Captain-Lieutenant William Cumberland Wilkinson, 62nd Regiment of Foot, ca.1785
Wm Cumbd Wilkinson, Lieutt 62d Regt: Ast Engineer, his signature on his map titled
"The ENCAMPMENT & POSITION of the ARMY under His Excy. Lt. Gl: Burgoyne,
AT Swordss and Freeman's Farms on Hudsons River near Stillwater 1777," ca.1779
Born: Corballis, Meath, Ireland, ca.1756
Regimental commission dates:
Ensign, 31 December 1772
Lieutenant, 1 May 1775
Captain-Lieutenant, 30 October 1782
Adjutant, 13 November 1782 (resigned adjutancy 27 February 1785)
Captured: Saratoga, New York, 17 October 1777 (Convention Army)
Retired: 29 May 1786
Died: 6 January 1802
William Cumberland Wilkinson was one very talented officer. In less than three years he was able to advance to the rank of lieutenant, and soon after found himself in the position of junior subaltern in Captain Erle Hawker's light infantry company. Before the Northern Campaign of 1777 commenced, however, both Hawker and Wilkinson were reassigned to a regular battalion company. For Wilkinson, this change may have been made due to his relative inexperience and lack of training, as he had only served with the regiment's elite light company since 1775. Whatever the reason, Wilkinson's special talent had more to do with the pen rather than the sword. Wilkinson's service with his new battalion company was probably limited following a General Order dated 30 August 1777, in which he was “appointed to act as an Assistant Engineer under the Order of Mr. Twiss the Commanding Engineer.” Originally, when Burgoyne's Army from Canada set out on its invasion of Northern New York in June 1777, there were five officers from the British Corps of Engineers present:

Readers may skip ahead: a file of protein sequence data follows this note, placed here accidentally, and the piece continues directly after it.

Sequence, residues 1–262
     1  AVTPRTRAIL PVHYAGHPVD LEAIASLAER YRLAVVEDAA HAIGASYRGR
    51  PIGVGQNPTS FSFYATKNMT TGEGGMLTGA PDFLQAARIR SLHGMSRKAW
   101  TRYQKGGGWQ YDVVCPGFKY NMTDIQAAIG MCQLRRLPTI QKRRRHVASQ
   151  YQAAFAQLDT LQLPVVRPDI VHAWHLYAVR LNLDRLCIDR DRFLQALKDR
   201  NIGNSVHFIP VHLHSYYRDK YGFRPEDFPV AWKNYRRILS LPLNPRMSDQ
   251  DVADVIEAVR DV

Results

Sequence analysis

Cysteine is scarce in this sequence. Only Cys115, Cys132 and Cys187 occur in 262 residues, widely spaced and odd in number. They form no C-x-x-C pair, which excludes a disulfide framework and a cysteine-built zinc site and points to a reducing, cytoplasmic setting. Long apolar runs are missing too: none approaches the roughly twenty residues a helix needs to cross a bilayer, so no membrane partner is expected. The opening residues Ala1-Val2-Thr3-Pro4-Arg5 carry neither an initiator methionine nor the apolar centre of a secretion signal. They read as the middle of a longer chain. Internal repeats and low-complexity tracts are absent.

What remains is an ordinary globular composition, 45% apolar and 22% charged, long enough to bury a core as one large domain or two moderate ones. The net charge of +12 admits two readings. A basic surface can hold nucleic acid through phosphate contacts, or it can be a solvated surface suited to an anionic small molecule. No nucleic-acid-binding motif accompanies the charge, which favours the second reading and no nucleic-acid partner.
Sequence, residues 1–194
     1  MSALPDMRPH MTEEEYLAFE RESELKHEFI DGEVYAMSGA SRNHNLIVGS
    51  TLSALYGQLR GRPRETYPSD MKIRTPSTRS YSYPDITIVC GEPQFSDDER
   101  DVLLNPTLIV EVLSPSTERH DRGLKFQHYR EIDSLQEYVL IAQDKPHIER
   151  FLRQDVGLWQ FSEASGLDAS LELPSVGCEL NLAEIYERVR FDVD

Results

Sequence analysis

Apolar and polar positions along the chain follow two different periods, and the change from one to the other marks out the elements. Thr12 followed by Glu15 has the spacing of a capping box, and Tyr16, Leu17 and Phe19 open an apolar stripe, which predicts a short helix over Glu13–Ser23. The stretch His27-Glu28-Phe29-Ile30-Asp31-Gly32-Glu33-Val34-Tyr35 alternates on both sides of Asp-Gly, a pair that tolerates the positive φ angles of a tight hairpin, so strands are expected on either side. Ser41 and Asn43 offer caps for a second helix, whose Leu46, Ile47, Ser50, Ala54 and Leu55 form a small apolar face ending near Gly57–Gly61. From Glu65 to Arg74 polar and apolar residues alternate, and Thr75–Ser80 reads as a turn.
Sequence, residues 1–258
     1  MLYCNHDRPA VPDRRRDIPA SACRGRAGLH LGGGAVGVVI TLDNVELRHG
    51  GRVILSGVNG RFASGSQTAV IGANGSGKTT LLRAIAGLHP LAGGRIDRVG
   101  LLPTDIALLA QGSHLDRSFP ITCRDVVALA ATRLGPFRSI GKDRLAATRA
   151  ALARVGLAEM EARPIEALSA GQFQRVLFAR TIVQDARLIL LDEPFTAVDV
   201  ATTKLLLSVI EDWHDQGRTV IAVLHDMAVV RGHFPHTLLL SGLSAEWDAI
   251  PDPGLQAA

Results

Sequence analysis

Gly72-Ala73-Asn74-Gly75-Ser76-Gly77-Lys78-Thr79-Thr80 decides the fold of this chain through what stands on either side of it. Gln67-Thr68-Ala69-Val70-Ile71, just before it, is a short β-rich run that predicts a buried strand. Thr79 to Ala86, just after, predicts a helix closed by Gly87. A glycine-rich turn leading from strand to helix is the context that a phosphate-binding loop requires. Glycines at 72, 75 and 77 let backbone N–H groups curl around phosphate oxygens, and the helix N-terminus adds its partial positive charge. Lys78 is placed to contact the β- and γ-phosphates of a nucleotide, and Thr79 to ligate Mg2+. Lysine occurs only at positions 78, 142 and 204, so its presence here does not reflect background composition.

Sub Engineer/Lieutenant William Twiss (commanding)
Sub Engineer/Lieutenant Henry Rudyard
Sub Engineer/Lieutenant Desmaretz Durnford
Practitioner Engineer/2nd Lieutenant John James Robertson
Practitioner Engineer/2nd Lieutenant Richard Hockings
Practitioner Engineer/2nd Lieutenant Benjamin Slack
Rudyard and Hockings were left behind to oversee engineering efforts at Fort Ticonderoga, and after the 16 August 1777 Battle of Bennington, in which Durnford was captured, a substantial gap in Burgoyne's engineering corps developed further: apparently, Durnford was the only one who could competently draw maps (or he was the only one who otherwise had time for it). Therefore, a new artist was required who could support the engineers with his talents. Enter Wilkinson. The United States Library of Congress houses the Wilkinson map collection, which consists of various maps signed by or attributed to Wilkinson. Wilkinson's beautiful manuscript maps later became engraved by the famous engraver/printer William Faden (1750-1836) for publication in Burgoyne's timeless apologia, A State of the Expedition from Canada, as Laid before the House of Commons (J Almon, London: 1780), and helped form the core of documentation for his defense. The maps may be viewed here: